The first tincture flowers are in the jar. The slightly-wilted second recharge flowers are in the foreground.

The first charge of flowers is in the jar. The slightly-wilted second recharge flowers are in the foreground. The liter jar holds about eight flowers, and they give color and scent immediately to the alcohol.

If you have Ylang Ylang growing, you must tincture it, it’s so beautiful, so easy.

My ylang-ylang is blooming here in Miami, and I gathered flowers in various stages of maturity, from green to the “ripest” with yellow petals and a red throat, and put them into 190 proof alcohol. Within a few minutes, they had surrendered their perfume to the alcohol. I let them sit for a day and then recharged the alcohol. The flowers are slightly wilted, as you see, and that is the best way to prepare them for the alcohol, as it ensures the minimum amount of water is introduced to alcohol.

Now, if you just want to make a beautiful room, linen, or body spray, use 100 proof vodka, no need for the 190 proof alcohol I use. I use it because it is for use in perfumes, and that’s the standard proof we perfumers need. For a spray, you can even dilute it a bit more with water when you are done recharging. You may wish to recharge many times to get a really strong extract. Have fun!

The scent of picked ylang-ylang flowers is sweeter and more delicate than the concrete, absolute, or various essential oil grades, it’s just lovely. I encourage my students to make extracts of many fresh and dried perfumery ingredients, it’s a rewarding adjunct to buying essences from suppliers.  Details on how to extract scent are in my book Homemade Perfume, available on Amazon.

6 Comments

  1. Josefina Jimenez

    Where do I subscribe for this blog? Thanks.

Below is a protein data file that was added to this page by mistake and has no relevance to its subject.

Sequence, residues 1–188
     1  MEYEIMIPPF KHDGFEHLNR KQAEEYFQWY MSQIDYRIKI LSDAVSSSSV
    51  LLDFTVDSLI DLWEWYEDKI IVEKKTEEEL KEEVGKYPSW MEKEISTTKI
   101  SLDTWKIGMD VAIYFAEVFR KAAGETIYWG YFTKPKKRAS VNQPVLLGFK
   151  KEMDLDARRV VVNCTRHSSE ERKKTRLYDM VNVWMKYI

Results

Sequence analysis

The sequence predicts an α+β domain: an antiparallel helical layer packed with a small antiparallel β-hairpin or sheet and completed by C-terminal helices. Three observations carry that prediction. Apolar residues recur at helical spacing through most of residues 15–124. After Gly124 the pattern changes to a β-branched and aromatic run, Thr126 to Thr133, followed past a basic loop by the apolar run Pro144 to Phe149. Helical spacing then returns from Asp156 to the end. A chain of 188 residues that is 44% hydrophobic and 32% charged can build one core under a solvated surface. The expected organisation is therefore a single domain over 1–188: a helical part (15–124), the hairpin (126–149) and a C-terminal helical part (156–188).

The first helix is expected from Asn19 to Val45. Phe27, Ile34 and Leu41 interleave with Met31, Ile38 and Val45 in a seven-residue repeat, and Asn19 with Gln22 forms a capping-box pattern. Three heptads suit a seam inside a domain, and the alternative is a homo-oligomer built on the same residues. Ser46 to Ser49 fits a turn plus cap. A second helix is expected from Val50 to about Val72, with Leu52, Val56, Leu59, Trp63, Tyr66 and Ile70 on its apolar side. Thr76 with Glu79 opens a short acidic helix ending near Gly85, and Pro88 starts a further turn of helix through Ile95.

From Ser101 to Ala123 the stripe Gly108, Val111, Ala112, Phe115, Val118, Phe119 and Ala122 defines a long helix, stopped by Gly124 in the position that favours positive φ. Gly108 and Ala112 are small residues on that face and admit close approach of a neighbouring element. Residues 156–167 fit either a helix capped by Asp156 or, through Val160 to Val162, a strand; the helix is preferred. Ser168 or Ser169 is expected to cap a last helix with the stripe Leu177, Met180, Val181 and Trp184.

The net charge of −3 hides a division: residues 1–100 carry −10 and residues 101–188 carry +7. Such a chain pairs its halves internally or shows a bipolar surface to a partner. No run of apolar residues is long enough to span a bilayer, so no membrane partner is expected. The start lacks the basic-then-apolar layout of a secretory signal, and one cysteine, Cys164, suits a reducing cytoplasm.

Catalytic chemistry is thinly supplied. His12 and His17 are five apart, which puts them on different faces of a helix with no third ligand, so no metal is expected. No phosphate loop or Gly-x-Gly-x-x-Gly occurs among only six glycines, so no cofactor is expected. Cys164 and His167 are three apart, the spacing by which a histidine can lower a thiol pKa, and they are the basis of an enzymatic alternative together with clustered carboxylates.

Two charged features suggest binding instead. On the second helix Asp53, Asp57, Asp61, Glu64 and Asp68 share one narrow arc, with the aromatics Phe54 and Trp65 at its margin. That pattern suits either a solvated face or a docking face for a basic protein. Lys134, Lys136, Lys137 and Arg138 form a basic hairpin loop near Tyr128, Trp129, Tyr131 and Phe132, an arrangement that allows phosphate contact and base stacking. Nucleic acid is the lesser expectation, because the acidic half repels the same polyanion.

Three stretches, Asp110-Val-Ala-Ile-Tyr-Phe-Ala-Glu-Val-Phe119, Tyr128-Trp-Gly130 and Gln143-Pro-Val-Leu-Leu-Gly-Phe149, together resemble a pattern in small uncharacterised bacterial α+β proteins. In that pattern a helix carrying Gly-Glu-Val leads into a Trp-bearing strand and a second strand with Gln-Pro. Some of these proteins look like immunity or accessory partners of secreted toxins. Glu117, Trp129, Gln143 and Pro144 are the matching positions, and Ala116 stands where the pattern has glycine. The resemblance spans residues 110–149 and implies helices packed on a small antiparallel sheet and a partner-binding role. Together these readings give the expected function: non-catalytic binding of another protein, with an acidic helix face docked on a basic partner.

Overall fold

Reply
  2. Anya

    Hi
    There is a “Subscribe to Blog by Email” link at the upper right column, under Search.

    Anya

    Reply
  3. Jenny

    That sounds lovely! What about gardenias and jasmine, etc… can they be tinctured as well?

    Reply
    • Anya

      Hi Jenny:

      Yes, they can be tinctured. You will need to strain out the flowers after a few days and recharge the alcohol with new ones, until you reach a scent strength you like. I outline using a gadget for measuring the strength in my upcoming book.

      Anya

      Reply
  4. Ferris Ègoïste

    i am just getting started experimenting with mixing/blending essentials oils and such and I really enjoy reading your perfume making tidbits you write about. i wish i had a garden full of different flowers I could tincture.
    i have a bottle of ylang ylang essential oil and it is incredibly strong and very ling lasting even when diluted to 5 % and 10%.
    how strong is the ylang ylang tinture when you do it yourself? Are you able to tinture paper whites and narcissus as well?

    Reply
    • Anya

      Hi Ferris:

      My ylang-ylang tincture is very strong, like an EO. I don’t grow paper whites or narcissus, as they’re more for northern gardens.

      Anya

      Reply

Submit a Comment

Your email address will not be published. Required fields are marked *

BECOME A NATURAL PERFUMER

ENROLL TODAY

error: Copyright Content